Skyline Stories: Kunming Bike Lane A/V Project, Franklin Court Renovations, HSP’s SEPTA Archive, Freight by Tram

Before we get in to serious stuff…check out this incredible multidisciplinary media project (left) of the bike lanes of Kunming, China — combining pictures, maps and recorded sounds of riding in the bike lane. Reminds me of the Detroit Escalator Company and bio mapping/emotional cartography. (CoLab Radio)

Traffic is just one of the problems with the world rapidly urbanizing — the urban population of developing countries is expected to grow by a million people every five days through at least 2030 (!) — but Americans have halted internal migration due to the recession, which is also causing suburban poverty to spike. (NYT)

The “ghost house” rendering of Benjamin Franklin’s home in Philadelphia. / Image via Philadelphia Business Journal.

In Philly, Franklin Court is scheduled to undergo a $21 million renovation (Plan Philly), more details on the Dilworth Plaza renovation (Landscape Online), Code Philly returns for a second year and the Delaware Valley Regional Planning Commission is funding new bike trails (Plan Philly. The Historical Society of Pennsylvania is ready to open an archive of PTC/SEPTA materials (Plan Philly, and longtime journalism Jim Smart has recreated the 1876 centennial in the new book “Adonijah Hill’s Journal.” (Philly.com)

In New York, the High Line received a $20 million grant to help plan the final section (NYT) and the Grand Concourse is now an historic district (NYT CityRoom).

Meanwhile Paris plans on experimenting with the complicated idea of urban freight distribution via tramway. (Transport Politic.) New French blog Banlieues 21, I think about re-thinking Parisian suburbs in the 21st century, is one of three cool new ones this week, along with the Times’ Borderlines that examines cartography and culture, Transit Maps and

Finally, a line from “A Man, a Bike and 4,100 Miles” about biking cross-country:
But I’m no longer as eager to put the past behind me as I was in the past. If there’s one thing the ride this time has impressed on me, it’s that the present is where I want to live. Never wish away distance. Never wish away time.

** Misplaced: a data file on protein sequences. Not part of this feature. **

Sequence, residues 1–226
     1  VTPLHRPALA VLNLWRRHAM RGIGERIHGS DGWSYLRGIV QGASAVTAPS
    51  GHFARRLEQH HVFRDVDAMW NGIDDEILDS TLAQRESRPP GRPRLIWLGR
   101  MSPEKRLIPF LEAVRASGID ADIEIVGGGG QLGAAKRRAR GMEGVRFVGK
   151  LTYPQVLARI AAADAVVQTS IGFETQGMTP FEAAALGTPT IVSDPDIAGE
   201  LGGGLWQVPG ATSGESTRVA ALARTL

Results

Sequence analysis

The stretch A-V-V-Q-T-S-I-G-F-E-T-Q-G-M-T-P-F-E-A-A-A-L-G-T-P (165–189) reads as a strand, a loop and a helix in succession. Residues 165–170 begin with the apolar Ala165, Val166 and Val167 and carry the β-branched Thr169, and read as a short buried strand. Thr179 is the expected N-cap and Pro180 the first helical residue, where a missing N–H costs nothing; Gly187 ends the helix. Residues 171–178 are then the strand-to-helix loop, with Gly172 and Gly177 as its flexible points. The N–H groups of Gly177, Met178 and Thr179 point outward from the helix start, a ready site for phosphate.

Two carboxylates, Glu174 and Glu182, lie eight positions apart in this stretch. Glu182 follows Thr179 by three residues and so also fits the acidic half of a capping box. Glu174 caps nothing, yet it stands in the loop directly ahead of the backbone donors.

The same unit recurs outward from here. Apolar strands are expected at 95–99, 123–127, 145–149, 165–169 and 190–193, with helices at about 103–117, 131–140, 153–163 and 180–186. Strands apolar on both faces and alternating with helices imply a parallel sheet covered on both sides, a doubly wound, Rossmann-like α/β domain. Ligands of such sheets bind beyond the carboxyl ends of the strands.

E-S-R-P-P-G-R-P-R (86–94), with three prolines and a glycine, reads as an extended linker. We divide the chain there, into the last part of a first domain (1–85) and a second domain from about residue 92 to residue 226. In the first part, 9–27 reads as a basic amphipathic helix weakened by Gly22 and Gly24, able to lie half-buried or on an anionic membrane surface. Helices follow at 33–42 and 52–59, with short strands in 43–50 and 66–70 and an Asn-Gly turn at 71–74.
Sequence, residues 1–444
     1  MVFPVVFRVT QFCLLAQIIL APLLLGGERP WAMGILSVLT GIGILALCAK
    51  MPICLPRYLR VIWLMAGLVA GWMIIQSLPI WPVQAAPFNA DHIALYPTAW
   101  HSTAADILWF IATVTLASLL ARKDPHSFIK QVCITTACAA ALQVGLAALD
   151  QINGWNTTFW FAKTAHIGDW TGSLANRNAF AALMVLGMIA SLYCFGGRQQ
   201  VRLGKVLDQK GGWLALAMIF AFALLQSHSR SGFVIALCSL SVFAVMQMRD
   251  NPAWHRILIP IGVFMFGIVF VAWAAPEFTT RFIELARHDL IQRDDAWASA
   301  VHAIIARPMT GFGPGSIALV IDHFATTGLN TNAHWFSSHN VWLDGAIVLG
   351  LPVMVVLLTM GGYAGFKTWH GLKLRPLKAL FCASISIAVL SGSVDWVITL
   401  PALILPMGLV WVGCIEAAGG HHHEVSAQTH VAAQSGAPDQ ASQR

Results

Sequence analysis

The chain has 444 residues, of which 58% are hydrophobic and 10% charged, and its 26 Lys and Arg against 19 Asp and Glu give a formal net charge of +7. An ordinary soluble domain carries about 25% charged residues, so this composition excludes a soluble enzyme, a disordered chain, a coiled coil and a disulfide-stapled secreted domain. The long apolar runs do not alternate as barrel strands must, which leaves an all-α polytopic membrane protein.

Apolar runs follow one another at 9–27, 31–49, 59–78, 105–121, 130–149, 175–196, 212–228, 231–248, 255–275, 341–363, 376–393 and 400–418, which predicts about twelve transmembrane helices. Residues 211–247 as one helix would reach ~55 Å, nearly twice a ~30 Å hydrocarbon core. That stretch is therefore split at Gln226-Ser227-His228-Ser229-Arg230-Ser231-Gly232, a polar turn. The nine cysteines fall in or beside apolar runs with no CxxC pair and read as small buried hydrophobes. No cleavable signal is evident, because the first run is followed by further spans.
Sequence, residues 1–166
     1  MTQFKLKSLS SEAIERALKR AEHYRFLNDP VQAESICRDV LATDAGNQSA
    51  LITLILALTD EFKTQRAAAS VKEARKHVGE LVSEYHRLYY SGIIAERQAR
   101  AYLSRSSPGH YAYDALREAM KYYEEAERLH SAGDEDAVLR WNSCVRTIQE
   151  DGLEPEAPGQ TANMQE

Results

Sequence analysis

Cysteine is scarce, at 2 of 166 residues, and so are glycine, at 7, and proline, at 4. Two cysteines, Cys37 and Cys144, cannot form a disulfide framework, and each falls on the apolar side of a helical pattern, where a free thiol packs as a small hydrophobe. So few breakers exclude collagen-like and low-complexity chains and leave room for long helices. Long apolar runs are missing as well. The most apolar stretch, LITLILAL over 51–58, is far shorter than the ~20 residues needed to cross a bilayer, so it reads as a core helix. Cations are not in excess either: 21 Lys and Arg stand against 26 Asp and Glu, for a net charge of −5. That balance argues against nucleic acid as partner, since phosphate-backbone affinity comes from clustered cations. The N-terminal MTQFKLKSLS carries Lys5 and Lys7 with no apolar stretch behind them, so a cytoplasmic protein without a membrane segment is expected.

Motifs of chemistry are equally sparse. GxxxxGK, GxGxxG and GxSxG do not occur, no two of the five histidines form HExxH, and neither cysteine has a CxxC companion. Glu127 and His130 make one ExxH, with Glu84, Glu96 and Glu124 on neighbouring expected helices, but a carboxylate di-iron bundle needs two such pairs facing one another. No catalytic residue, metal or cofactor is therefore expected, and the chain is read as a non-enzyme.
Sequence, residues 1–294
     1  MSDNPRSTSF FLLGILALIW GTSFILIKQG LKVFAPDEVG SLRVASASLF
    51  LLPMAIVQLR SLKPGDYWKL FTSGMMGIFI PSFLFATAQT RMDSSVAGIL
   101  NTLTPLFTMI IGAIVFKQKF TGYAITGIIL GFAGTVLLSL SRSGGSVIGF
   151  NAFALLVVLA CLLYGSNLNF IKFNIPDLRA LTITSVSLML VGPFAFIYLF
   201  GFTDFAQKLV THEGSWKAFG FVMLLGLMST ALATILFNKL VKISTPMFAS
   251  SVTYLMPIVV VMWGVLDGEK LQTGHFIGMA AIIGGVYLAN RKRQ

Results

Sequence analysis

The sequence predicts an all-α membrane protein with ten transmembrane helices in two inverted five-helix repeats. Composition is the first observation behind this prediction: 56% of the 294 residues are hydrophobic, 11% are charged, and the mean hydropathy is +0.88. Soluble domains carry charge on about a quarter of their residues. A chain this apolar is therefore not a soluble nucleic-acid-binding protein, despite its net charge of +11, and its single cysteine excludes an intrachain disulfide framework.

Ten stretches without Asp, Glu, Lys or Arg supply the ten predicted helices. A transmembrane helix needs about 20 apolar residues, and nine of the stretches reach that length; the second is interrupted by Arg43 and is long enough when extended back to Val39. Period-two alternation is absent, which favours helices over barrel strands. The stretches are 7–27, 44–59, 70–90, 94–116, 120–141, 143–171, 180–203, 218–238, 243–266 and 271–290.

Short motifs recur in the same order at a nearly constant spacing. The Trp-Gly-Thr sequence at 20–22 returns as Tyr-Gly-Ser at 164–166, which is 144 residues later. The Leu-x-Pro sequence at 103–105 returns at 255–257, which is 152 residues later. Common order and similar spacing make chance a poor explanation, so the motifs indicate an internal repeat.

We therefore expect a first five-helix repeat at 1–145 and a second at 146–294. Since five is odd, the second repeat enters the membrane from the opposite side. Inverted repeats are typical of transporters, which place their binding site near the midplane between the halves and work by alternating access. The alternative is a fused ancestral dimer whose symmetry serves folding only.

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Skyline Stories: MAS SummitNYC, Reading Viaduct, Aging Urban Infrastructure

How can we reactivate, reuse and restore our aging cities? Complex challenge, as American cities’ infrastructure tends to be 100-plus years old. Suburban sprawl shifts jobs, people and now immigrants farther from cities. (Atlantic Cities)

The Municipal Arts Society of New York recently held their annual Summit, which tackled these topics, and now have great videos up. “Eight to Eighty-five percent of the buildings that are going to exist in this city in the year 2030 are buildings that exist here today in 2011,” said David Bragdon, New York City’s director of longterm planning and sustainability. Highlights include cool new 3-D master plans and maintaining the Fashion District. (MAS: Highlights and Longer Clips)

New York Magazine has a ton of fresh ideas of rethinking global cities in their Fall Design issue. (NY Mag) New York’s a big hub of reactivating old transit — from the new surprisingly successful East River ferries (2nd Ave Sagas) and freight rail networks (which carry only 1 percent of the city’s goods (Urban Omnibus).

Mixed bag in Coney Island — the A&W family statues are sadly leaving (Amusing the Zillions) but a miracle as Ruby’s Bar and Grill and Paul’s Daughter are likely staying (Vanishing New York)!

The Reading Viaduct is an old unused elevated rail line on the northern side of Center City that several Philadelphia groups are trying to transform into an amazing public green space. (Photo by Alex Brandon for the Associated Press, via uwishunu)

In Philadelphia, the big buzz has been on the long-dormant industrial elevated railroad track called the Reading Viadcut, with SEPTA and the Center City District planning a study to turn a spur into something like New York’s High Line. (uwishunu)

Philly also seems to be leading the way in reusing construction materials (Grid Mag), and North Philly is reimagining what affordable housing could look like (Grid Mag). Chicago meanwhile is trying to grow industry from its own ashes. (Atlantic Cities)

Still, these things don’t solve the problem of fixing our aging infrastructure, as the country has 70,000 “structurally deficient” bridges that would cost $70 billion to fix. (Atlantic Cities) At least the FTA is providing some money for buses and Detroit’s new light rail line. (Streetsblog: D.C.)

And no city is in as bad shape as Arkham City, which you can soar around as Batman in an awesome new video game. (NYT) … Wish I was in New York for the Architecture and Design Film Fest! (Urban Omnibus) …

South Street Seaport Museum’s printer returns! (NYT City Room) … But what is real these days? Fascinating look at “authentrification” — keeping relics of the stores it replaces. (This Recording)